Senators like Kerry, McCain and Lugar usually know too much about foreign policy. They think it is important and that voters should care about policy. They forget that most voters do not care and cannot lower themselves to a level where they can connect."

bakho,

You may be right.

But the fact that even after 9/11, the mother of all reminders that foreign policy matters, this lack of interest in foreign policy persists is a testament to the myth of American exceptionalism.

Likewise, when the economic meltdown occurs, it's likely that the belief that we're immune to the laws of [nature, economics, or anything else - take your pick] will still endure.

Posted by: Lewis Carroll at November 3, 2004 01:00 PM

Following Brad's logic, Bush owes his victory to the Georgia flag.

In 2001, Roy Barnes the Democartic governor of Georgia changed the Georgia flag because it prominently displayed the Confederate stars-and-bars. Despite this, everyone expected him to win the governor's mansion again in 2002 against Sonny Perdue. Barnes had an impeccable moderate record as governor, with great strides in health care and education, and strong support in the business community. His loss was one of the biggest upsets of 2002. (The joke here in Georgia is that Barnes was the second-most surprised man in the state that day.)

If Barnes hadn't lost in 2002, he would have run for President. As the only sitting governor, he would have had a huge advantage in the primaries. Plus the inevitable comparisons to Clinton.

So there you have it -- a Democratic Southern Governor who almost won the White House in 2004.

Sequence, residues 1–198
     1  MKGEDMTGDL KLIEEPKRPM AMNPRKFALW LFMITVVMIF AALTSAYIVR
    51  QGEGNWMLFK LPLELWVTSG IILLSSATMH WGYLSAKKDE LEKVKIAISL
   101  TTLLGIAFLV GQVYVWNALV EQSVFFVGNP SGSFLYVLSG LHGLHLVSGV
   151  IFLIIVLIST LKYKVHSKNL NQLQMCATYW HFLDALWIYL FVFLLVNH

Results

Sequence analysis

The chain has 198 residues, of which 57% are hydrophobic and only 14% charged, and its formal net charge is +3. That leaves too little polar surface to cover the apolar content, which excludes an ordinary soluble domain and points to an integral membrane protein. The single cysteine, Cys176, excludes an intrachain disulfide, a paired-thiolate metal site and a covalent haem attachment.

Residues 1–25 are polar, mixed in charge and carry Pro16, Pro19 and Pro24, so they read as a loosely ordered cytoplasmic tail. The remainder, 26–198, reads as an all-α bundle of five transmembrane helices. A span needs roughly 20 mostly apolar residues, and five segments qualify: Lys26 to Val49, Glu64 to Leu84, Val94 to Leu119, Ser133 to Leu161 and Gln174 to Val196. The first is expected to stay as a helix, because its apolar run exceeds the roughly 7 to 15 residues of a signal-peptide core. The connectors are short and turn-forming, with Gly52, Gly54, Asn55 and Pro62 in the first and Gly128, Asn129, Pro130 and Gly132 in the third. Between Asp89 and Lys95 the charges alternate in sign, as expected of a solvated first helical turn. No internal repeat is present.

C'est la vie.

Posted by: Oberon at November 3, 2004 01:01 PM

I'd like to make a few points:

1. I think we really need to reform the way congressional races are done - and I am not just saying that because my party got its clock cleaned last night. It's absurd that California has 55 congressional districts, without one of them being competitive. It's even more absurd that a little bastard like Tom DeLay can effectively gerrymander an entire state like that. (Yes, I know it goes on with both sides, and went on for years while the Democrats controlled the House, but that was a good, recent example.) I'm all for a completely non-partisan, computer generated (they have that, I believe) redistricting when the next census is reported. (I know that is next to impossible politically, but it's an issue feel passionately about.) I'm also all for exploring some form of partial public financing directed particularly at the congressional level.

Imagine how this could change the way races are run in this country.

2. Dan Drezner had a sharp comment earlier today when he said that Tom Franks' lecture fee just tripled. I didn't read the book, but his "What's the Matter with Kansas?" explores why the Democrats suffer because of cultural issues.